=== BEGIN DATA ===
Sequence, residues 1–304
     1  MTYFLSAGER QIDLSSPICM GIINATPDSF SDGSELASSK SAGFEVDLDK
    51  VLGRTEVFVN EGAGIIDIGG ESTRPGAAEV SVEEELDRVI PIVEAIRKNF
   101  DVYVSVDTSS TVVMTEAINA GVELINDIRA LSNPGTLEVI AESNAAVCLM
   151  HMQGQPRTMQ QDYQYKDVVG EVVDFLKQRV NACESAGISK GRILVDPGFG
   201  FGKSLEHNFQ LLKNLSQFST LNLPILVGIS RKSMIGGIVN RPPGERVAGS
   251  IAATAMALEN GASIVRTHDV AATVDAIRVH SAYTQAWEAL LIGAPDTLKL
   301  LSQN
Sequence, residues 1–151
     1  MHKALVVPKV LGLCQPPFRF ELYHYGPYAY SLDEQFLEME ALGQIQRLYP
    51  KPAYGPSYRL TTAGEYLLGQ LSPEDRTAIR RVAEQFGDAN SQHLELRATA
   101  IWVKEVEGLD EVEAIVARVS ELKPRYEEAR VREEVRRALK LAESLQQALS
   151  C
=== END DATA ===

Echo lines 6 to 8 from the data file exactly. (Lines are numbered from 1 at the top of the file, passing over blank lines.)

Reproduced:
   201  FGKSLEHNFQ LLKNLSQFST LNLPILVGIS RKSMIGGIVN RPPGERVAGS
   251  IAATAMALEN GASIVRTHDV AATVDAIRVH SAYTQAWEAL LIGAPDTLKL
   301  LSQN